In the third example, the input value is in a numerical format, and we are trying to replace 1 character in the 4th position, which is "5", with "@". The return value is as expected but is now in text format, which is evident due to its left alignment.

Hopefully, the basic functionality of the REPLACE function is clear now. In the examples below, we will learn more about its applications.

Example 2 – Replacing Text when Location is Known

There are instances when companies rebrand by altering how they write their brand names or changing the name entirely. Recently, Facebook rebranded itself by changing its name to Meta. In this example, we have a few facts about Facebook, but after the rebranding, the term 'Facebook' must be replaced with 'Meta'.

Doing it manually is a daunting task and inefficient. Instead, we can use the REPLACE function to our advantage.

Replacing Text when Location is Known

The formula used will be as follows.

=REPLACE(B3,1,8,"Meta")

Replacing Text when Location is Known

As the word that needs to be replaced is at the beginning of the string, it is easier to use the REPLACE function as the value of the start_num argument can be 1 for all the strings. We also know the length of the text that needs to be replaced, which is 'Facebook'; therefore, the value of the num_chars is 8.

In the above scenario, the position of the word to be replaced was known, and it was the same throughout the data. In most cases, things are not so simple. Let's find out how to replace the text if the starting position of the intended word keeps changing.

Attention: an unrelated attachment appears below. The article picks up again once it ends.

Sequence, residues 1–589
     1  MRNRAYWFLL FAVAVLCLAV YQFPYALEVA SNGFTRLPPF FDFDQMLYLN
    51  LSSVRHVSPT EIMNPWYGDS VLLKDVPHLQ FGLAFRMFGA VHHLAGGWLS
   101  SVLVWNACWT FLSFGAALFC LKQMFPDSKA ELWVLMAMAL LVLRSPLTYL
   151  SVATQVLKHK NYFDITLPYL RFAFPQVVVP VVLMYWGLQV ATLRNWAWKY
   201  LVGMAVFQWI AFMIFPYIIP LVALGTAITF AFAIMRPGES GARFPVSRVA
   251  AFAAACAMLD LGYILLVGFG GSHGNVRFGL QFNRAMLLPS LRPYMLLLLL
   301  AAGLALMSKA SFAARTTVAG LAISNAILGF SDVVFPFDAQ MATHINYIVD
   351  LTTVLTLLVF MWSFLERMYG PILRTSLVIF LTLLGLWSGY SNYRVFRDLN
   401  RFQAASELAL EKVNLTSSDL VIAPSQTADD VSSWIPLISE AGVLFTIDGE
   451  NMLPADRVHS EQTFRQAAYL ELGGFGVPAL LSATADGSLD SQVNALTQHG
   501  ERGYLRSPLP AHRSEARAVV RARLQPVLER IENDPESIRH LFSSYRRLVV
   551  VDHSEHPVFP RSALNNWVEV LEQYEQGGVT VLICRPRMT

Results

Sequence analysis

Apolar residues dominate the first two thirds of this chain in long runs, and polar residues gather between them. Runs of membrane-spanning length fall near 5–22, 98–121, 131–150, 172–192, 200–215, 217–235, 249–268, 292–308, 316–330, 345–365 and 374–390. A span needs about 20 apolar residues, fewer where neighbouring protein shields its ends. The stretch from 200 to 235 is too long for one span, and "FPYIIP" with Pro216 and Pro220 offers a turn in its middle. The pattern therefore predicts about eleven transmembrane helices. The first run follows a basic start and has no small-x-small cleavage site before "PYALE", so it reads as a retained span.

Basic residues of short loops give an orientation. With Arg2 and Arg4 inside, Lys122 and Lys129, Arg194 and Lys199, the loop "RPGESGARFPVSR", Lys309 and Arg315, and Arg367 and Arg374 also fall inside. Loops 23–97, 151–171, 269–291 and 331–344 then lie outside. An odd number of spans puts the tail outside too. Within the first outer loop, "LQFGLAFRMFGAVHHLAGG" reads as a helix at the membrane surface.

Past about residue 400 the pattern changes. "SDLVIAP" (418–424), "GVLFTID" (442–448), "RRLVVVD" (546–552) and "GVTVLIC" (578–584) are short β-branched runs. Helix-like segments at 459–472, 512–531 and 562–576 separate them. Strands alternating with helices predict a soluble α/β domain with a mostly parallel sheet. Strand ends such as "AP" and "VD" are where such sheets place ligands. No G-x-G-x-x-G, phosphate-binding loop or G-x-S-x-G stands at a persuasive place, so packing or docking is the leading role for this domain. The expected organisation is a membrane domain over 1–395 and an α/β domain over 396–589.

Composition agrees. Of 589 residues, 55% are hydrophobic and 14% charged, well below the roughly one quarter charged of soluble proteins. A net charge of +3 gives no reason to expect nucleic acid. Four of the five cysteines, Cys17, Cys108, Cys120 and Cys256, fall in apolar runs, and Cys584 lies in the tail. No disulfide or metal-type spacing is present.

Example 3 – Replacing Text with Variable Position

In continuation of the last example, let's consider the same scenario of Facebook rebranding to Meta. We have the email IDs of the employees that will be updated as per the new company name. In the case of email IDs, the username length varies with each email ID; therefore, the value of the start_num argument shall be different.

Replacing Text with Variable Position

To determine the position of the first character of '@facebook' in the email IDs, we can use the FIND function. The formula used will be as follows.

=FIND("@facebook",B3)

Now, let's compile the REPLACE function to swap '@facebook' with '@meta' so that we have the list of updated email IDs.

The return value of the FIND function will be the value of start_num argument of REPLACE function. The number of characters to be replaced is the length of '@facebook' which is 9.

The final formula is as follows.

=REPLACE(B3,FIND("@facebook",B3),9,"@meta")

Replacing Text with Variable Position

Example 4 – REPLACE Function with Dates